I believe it was 7th grade. Maybe 8th. They all blend together into one mess. One struggle. One fight. One fight I arguably lost.
I was in french immersion from preschool until grade 9, which meant I was with the same 20~ kids for 10 years. You would think that amount of time would result in lifelong friendships, and many of them. The truth is that they did, just not for me.
I imagine anyone reading this has a chance of being somewhat like me. Never quite understood, often mocked, and never envied. I had friends, and only one I felt I would be close with for the rest of my life. I don’t know how you can know something like that at 5 years old, but it felt like I did. I won’t go into that friendship right now, as it hurts me to even think about.
What I will talk about is one CAPP class in what I now believe to be 8th grade, as I went into 7th grade hopeful. I was not hopeful during that class. “Career and Personal Planning”. Was this a common class? I’d honestly never heard of it before. Then again, I’d never had to really think about my career, or personal plans. The class intrigued me, as it was one of the only ones that I didn’t feel like I could fail in. Who fails that kind of class? If anyone, it would have been me.
The teacher was a bubbly spirit who we’ll name Mrs. R. Her spirit would be temporarily crushed by my rambunctious classmates over the 3 years we spent at that school. Along with CAPP, she taught Science as well as a couple elective classes (sewing and food, both of which I also enjoyed).
And after the day I’m writing about, I couldn’t stand her.
I wish I could describe how the day actually began. That would make a better narrative. All I can remember is the moment leading up to a very dangerous confession that could have ended my pathetic existence.
She took out a cardboard box and placed it on her desk in front of us. She then handed out a piece of paper to everyone and told us to write down a secret that we wouldn’t mind being read aloud, but completely anonymous. Being the gossip fiends 13 year olds can be, nearly every one of us ooooooh-ed with anticipation. Some began writing furiously, others stared at the paper for a few minutes. I began to write the beginning of my “secret” but paused half way through.
I wondered if anyone else’s secret would be as bad as mine. Was anyone else as frustrated and lonely as I was? As it turns out, no. No one in that room was, or at least they weren’t ready to admit it.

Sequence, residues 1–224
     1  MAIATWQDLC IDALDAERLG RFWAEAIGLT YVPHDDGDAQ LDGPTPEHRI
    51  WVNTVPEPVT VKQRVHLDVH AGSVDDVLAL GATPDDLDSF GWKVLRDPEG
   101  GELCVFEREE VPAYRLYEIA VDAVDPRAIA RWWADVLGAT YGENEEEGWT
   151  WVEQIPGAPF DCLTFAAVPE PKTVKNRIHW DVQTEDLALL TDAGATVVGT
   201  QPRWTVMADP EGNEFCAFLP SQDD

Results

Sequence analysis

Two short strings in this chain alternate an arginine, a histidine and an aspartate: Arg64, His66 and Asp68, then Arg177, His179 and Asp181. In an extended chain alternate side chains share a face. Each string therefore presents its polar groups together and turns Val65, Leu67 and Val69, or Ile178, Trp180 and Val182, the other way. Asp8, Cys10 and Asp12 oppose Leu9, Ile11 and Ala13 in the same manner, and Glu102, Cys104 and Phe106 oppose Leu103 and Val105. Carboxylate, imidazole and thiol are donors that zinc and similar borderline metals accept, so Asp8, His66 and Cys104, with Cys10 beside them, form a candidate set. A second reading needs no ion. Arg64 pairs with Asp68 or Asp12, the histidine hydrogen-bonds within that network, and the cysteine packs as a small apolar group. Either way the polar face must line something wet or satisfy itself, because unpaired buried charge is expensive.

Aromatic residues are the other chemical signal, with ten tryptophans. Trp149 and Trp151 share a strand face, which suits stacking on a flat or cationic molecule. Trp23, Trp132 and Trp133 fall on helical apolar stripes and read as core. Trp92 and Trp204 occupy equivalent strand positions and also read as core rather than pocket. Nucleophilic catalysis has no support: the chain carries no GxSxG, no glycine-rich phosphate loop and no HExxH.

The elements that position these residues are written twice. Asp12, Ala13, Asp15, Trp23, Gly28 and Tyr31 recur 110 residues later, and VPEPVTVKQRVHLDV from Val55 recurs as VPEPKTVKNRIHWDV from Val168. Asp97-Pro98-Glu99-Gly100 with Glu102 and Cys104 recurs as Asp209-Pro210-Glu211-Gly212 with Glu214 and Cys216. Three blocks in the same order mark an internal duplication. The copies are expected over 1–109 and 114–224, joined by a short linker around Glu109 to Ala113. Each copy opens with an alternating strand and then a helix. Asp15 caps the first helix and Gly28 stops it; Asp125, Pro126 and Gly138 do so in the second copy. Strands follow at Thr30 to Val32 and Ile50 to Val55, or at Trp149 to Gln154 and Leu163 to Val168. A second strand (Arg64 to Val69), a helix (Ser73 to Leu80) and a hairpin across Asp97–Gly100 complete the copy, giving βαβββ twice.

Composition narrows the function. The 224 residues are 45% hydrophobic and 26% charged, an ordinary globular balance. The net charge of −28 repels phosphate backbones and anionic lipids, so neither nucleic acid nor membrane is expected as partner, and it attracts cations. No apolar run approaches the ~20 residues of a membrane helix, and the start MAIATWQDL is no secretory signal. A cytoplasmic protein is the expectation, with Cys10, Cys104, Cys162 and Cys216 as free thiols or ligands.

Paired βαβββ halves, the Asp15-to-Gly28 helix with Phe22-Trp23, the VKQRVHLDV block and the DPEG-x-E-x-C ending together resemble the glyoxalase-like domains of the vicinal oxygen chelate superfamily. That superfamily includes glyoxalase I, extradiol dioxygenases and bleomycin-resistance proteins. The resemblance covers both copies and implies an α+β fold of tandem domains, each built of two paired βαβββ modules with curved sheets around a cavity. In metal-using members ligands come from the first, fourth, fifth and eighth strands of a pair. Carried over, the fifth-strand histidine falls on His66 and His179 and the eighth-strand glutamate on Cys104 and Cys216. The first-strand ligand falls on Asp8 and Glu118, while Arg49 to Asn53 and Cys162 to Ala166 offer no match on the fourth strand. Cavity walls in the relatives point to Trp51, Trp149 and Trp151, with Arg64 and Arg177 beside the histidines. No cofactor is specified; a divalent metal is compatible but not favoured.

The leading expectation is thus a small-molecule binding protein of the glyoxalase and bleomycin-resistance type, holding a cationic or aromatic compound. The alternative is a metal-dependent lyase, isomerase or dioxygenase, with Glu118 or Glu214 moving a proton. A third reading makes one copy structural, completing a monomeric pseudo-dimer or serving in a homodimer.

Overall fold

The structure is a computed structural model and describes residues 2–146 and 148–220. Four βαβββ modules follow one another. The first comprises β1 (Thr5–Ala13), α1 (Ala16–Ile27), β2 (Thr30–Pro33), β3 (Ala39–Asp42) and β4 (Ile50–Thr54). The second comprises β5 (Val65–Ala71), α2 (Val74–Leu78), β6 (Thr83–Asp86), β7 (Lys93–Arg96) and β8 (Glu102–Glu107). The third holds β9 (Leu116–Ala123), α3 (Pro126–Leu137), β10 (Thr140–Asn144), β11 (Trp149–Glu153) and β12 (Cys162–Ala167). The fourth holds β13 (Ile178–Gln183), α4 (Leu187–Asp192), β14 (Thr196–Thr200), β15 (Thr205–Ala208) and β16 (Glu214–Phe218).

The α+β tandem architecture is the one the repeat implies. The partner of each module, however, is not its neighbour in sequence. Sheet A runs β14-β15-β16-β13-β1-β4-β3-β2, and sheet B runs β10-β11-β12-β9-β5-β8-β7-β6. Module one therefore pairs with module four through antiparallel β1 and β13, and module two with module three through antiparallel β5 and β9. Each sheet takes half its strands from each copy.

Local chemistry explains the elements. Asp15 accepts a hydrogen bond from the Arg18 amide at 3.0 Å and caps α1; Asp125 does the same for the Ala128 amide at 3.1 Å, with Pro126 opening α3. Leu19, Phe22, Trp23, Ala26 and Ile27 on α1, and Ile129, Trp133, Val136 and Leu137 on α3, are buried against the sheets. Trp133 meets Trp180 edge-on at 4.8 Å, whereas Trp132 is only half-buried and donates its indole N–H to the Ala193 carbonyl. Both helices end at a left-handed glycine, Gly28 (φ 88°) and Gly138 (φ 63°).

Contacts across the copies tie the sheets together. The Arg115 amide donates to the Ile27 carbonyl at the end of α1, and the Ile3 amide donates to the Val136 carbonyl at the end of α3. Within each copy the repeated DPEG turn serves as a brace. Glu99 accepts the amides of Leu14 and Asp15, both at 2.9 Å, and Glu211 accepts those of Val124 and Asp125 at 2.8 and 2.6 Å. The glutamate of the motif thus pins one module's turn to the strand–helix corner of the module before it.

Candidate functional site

I wrote my secret down and put it into the box. Mrs. R shook the box dramatically and everyone laughed nervously. I had goosebumps as she reached in to read the first one.
“I didn’t shower today.”
Mrs. R laughed and we all eewww-ed despite the fact that I guarantee 75% of the class didn’t shower daily. Someone across the room pushed on the boy sitting in front of him and said “That’s gotta be you, S****!” The boy laughed but shook his head. Mrs. R looked around the room, then back to the paper. She raised her eyes and said “This isn’t a secret. Who wrote this?”
The room went silent. My heart started to pound. She wasn’t serious, was she?
Another boy raised his hand. Everyone laughed.
Mrs. R reached in and took out another slip of paper. I can’t remember any of the other secrets, as all I was thinking about was whether or not she expected us to admit what we wrote. That’s exactly what she did. One by one, a secret was read and another hand went up. My breath would catch as she began to read the next one, and I’d exhale deeply when it wasn’t mine.
She got to the end, and there were only 3 slips left. She took one out, read it, and then closed it. “I’m not reading that one.” She shook her head and put it in her pocket. Was my secret that repulsive that she had the grace to not out me? I hoped it was, and wasn’t at the same time.
She pulled out the second to last paper and seemed to pause before reading it. She glanced around the room, perhaps knowing that this particular secret could destroy someone, and yet knowing only 3 people could be responsible for the secret, she read it anyway.
“Sometimes I hate my friends.”
Silence. Deafening silence. Soon chairs squeaked as faces turned to look at someone else. They were trying to figure out who hadn’t confessed yet. I prayed they weren’t keeping track, but I know a few were.
Mrs. R looked around the room as well and her eyes landed on me. She narrowed her eyes and quietly asked “Was that you?” and I shook my head immediately. She knew it was me. I waited. I waited for everyone to look in my direction. I waited for the whispers. I waited to be shoved in the hallway. I waited to be cast out by my minuscule circle of friends. I waited and waited and waited.
Nothing ever happened. It was as if it never happened. No one mentioned it, and I’ll never know if anyone actually cared. Perhaps everyone shared that secret. At 13, emotions are wild. There was very little grey area in my mind at that time. Either I liked someone or I hated them. A number of people undoubtedly hated me. Perhaps it was all par for the course.
I really wish I understood her motive for doing this. Perhaps she thought it would bring us closer. Maybe she did bring some closer. Just not for me.
P.S The last secret was “I wish I hadn’t failed science class.” It was written by the one person who was held back from the grade above ours. Some secret.